I’m laughing as I think about that because it turns out it felt like work because I had to be still so often. The teacher tells us we’ll be holding each pose for 2 – 5 minutes. Each pose!
Immediately, my heart races like I’m in a HIIT cardio class. And I wonder if I’ll make it through the hour or if I’ll want to run out screaming in the first pose. With a fast-paced life and constant connection to some electronic device, how will I survive doing nothing for 5 whole minutes at a time?
This should be interesting.
Yin Yoga Intentions
The teacher quietly reminds us that we need both the yin and the yang to have a balanced practice and a balanced life. This Yin yoga class targets the deepest tissue in our bodies – ligaments, connective tissue, fascia. To unlock and restore energy, health, and wholeness in our bodies and our minds.
I remind myself that’s exactly what I need right now. Even if the process feels excruciating.
So, win number 2 is setting an intention to give my body and mind what it needs. Be present. Fully embrace the experience and rest.
I feel a tear start to form in the corner of my eye. I must need this more than I thought. My body is already thanking me for allowing this.
What Happens During Yin Yoga
The teacher offers some advice for practicing Yin yoga.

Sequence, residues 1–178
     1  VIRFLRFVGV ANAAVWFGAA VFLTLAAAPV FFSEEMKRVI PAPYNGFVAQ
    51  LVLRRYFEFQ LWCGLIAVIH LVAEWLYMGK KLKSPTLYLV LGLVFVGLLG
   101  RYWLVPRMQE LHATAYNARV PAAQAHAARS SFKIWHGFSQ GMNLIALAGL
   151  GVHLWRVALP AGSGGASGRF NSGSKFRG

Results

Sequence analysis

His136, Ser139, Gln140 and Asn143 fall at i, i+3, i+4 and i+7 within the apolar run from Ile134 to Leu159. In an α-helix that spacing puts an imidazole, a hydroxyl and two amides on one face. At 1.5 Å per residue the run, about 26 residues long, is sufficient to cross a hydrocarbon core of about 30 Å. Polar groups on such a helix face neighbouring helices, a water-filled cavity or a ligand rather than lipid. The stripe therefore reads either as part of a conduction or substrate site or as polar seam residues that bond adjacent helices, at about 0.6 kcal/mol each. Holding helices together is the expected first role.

- Let your body guide you.
- Gently relax into the poses.
- Go deeper as your body opens up.
- If you feel pain, pull back. Pain is not the goal.
- Notice your breath. As we move along in the practice, you may notice your exhale becomes longer than your inhale. That means your body is moving out of parasympathetic mode (fight or flight) and into sympathetic mode. This is a healthy transition.
And we get started.
One minute into the first pose, I notice a heightened awareness in my senses. I hear every noise. My nose kicks into overdrive.
The night before last I had used a lavender sugar scrub to exfoliate my feet. Since then I haven’t smelled the lavender at all as I’ve dressed, worked, gone to bed. Tonight, I smell it intensely. And I’m wondering if the whole room is “enjoying” my foot scrub.
Note to self: do not use smelly bath products pre-Yin yoga.
Noticing my Breath
Even the poses we hold for only 2 minutes feel interminable. I have waves of feeling relaxed and then itching to move or run or maybe just yell to spice things up.
During certain poses, I feel so bored I grind my teeth.
So, I turn to my breath as advised.
I feel like my exhale is not getting longer than my inhale. So, maybe I’m fighting my way through this restorative class. I think of those movies where people get stuck somewhere and have to remain calm so they don’t use up too much oxygen. The fact that I can’t get calm and I’m not under duress reminds me why I never tried to become a navy SEAL.
Then I remember Dr. Huberman’s advice on regulating your parasympathetic tendencies during stressful situations – cyclic sighing. Since my body wasn’t calming itself automagically, I figured I could give cyclic sighing a whirl. After all, I have nothing but time right now.